(I should note to myself that I need to collect at least shortcuts to all the different places I have Cataloging/Metadata-relevant materials stored on my machine, if not just reorganizing the hard drive.)

I’ve also realized that I don’t have to learn everything at once, which is mostly a relief. (I can learn some things at a later date, that is.) My major issue is overloading my COVID-19 free time with too many classes…

career, creativity, libraries, LIS, psychology, self care, writing

Time to plan, to do, and to take care

I’ve been speaking with some colleagues…there is a significant opening for me at the place where technology and cataloging/metadata converge. Right now, I’m fairly tired. I spent all day cleaning my bedroom and office, which now, you know, makes me want to make up my bed more frequently. It also makes me want to dust off my Rilakkuma plushie which always falls face-first onto the floor (he wasn’t designed well).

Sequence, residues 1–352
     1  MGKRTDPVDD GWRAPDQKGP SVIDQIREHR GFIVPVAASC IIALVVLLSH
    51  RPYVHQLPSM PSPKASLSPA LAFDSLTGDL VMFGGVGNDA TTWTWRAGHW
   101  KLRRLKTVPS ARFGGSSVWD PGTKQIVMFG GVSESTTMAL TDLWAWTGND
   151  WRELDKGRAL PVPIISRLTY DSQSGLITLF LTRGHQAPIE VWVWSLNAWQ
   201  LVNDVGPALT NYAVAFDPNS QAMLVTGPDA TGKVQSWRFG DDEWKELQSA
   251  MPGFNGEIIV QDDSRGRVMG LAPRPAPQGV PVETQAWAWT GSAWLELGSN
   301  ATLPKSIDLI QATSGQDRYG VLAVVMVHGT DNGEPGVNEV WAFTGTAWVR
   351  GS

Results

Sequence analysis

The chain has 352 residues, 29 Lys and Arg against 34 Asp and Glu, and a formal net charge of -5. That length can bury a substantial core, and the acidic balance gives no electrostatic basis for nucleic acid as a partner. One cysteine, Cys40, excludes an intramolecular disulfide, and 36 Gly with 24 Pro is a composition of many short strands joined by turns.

But anyway…a lot of these jobs are in Academic Libraries or cultural heritage institutions (like Museums) or with some of the people who work with libraries to help them offer quality products. Why am I getting into this? I’ve decided to go for mainstream Publishing where it comes to my fiction.

I’ll be able to use a history of publishing to enhance job applications in the Academic Library sector, and also I could use it if I want to get into a Creative Writing MFA program (though I would also consider Japanese Language and Literature — which may be more powerful as regards my potential capabilities and scope — or Comparative Literature [between English and Japanese language]. I think they have different foci).